The April 9th ANiC newsletter points out a diabolical strategy that TEC is using to rid itself of conservative priests.
It follows the example set by the Soviet Union to dispose of dissidents. The logic used was: anyone who disagrees with the assertion that Soviet Communism had resulted in paradise on earth is clearly mad and should be committed to a psychiatric “hospital” – where he would be fed drugs to complete the process.
For the last seven or more years, TEC has had in its playbook a process for getting rid of troublesome conservative priests. Over these years, the AAC has quietly counseled with many of the priests as they discovered that their bishop, feigning genuine concern for the priest, was working to deftly remove him.
The betrayal usually starts with a liberal revisionist bishop and a conservative parish and priest. The bishop’s plan is to remove the priest, put a liberal priest in as an interim rector, drive away the more conservative parish members and reshape the beliefs of those that remain. Step one is a phone call to the priest.
Someone in the bishop’s office phones the priest and says the bishop wants to schedule an appointment to see him as soon as possible, no clues given as to the reason for the meeting. When the meeting takes place, the bishop says that he has received several phone calls from parishioners who are worried about the priest and his emotional health. Feigning concern, the bishop tells the priest he wants him to meet with the diocese’s psychologist or psychiatrist, to establish a base line and see how the diocese can help. If the priest resists, he is given a “godly admonition” to do it, on pain of discipline if he refuses. This is a trap, and unless the priest follows a defensive plan immediately, he is toast – burned toast.
The priest meets with the bishop’s psychologist or psychiatrist, who then finds what the bishop wants: emotional fatigue, depression, and some sense of imbalance. The priest asks for a copy of the report but is refused on the grounds that the bishop has labeled it confidential and the priest will have to discuss it with the bishop, who also refuses him a copy. The bishop says he wants to protect both the priest and the congregation, so he temporarily suspends the priest from active duty (“Administrative Leave” under the new Title IV canons), requires the priest to undergo therapy and rest and stay away from the church, meanwhile appointing an interim priest to reshape the congregation in the original priest’s absence. Months drag on and the priest will never return to that church.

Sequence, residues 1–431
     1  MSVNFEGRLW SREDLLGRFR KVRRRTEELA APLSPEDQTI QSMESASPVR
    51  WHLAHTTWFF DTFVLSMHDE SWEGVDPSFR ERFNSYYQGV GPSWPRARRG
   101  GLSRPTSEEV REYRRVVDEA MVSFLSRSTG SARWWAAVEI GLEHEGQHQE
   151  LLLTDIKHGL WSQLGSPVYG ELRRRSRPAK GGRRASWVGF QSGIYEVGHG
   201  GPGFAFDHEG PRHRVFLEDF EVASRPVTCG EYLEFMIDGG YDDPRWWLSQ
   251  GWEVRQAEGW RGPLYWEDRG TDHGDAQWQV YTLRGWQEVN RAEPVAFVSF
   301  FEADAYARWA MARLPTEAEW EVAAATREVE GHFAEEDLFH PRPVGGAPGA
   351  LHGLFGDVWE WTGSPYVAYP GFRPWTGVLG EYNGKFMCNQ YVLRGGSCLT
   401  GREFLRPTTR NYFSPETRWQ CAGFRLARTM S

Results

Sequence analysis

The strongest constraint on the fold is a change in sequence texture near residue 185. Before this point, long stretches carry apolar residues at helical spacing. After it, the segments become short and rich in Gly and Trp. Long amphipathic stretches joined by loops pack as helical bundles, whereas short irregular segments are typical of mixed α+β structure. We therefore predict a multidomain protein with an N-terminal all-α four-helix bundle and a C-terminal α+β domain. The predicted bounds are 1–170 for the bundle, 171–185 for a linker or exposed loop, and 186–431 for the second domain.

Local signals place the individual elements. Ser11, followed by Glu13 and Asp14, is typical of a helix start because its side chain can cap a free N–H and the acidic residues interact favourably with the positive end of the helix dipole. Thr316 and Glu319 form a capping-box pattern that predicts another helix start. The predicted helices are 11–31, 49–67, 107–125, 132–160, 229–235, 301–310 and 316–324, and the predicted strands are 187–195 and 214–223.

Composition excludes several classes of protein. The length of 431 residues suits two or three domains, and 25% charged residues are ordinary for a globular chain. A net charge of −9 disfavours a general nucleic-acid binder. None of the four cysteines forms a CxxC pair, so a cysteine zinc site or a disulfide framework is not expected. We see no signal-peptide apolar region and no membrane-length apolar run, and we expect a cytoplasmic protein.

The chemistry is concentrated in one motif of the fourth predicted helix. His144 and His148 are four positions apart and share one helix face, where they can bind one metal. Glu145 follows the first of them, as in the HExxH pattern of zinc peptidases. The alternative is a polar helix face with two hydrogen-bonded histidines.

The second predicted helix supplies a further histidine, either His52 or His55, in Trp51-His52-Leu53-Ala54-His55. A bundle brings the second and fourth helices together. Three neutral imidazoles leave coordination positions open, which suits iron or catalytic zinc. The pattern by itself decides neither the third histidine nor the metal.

What should you, the priest do in this situation? When the bishop asks you to meet with a psychologist/psychiatrist, you should agree to the meeting, but schedule it, and if necessary reschedule it, far enough out for you to quickly approach a non-biased psychiatrist and ask for a full psychiatric workup. Time is of the essence – this needs to be done before the meeting with the bishop’s appointed psychiatrist.
Assuming that the non-biased psychiatric workup is reasonably favorable, keep a copy in your possession. Also have in your possession a copy of the HIPPA regulations concerning patients’ rights and penalties for non-compliance; the AAC can help you get a copy if necessary. When you meet the bishop’s mental health evaluator, after the interview and testing is completed, ask for a copy of his evaluation to be sent to you. If/when he or she refuses, remind the doctor of the HIPPA requirements, and pull out your copy with appropriate lines highlighted. At that point, also mention that you have just recently had a complete psychiatric workup at your request, and would the doctor like a copy of that?
If the bishop’s doctor writes an unfavorable mental health evaluation, advise the doctor and the bishop that in light of the previous evaluation you wish to have the two reports reviewed by a non-biased, mutually agreed-upon doctor. If the bishop and the doctor don’t agree, advise the bishop and the doctor that you intend to file a grievance with the licensing board naming both of them. The real intent is to block the bishop’s further punitive action against you, but the only way to do this is from a position of preparedness and strength.
Sadly, these tactics are still being used in the United States today, and priests have to be careful. If your sermons are recorded and if you email, blog, tweet and text, things that you say or write will travel far and fast.
This could never happen in Canada? I have a suspicion it already has.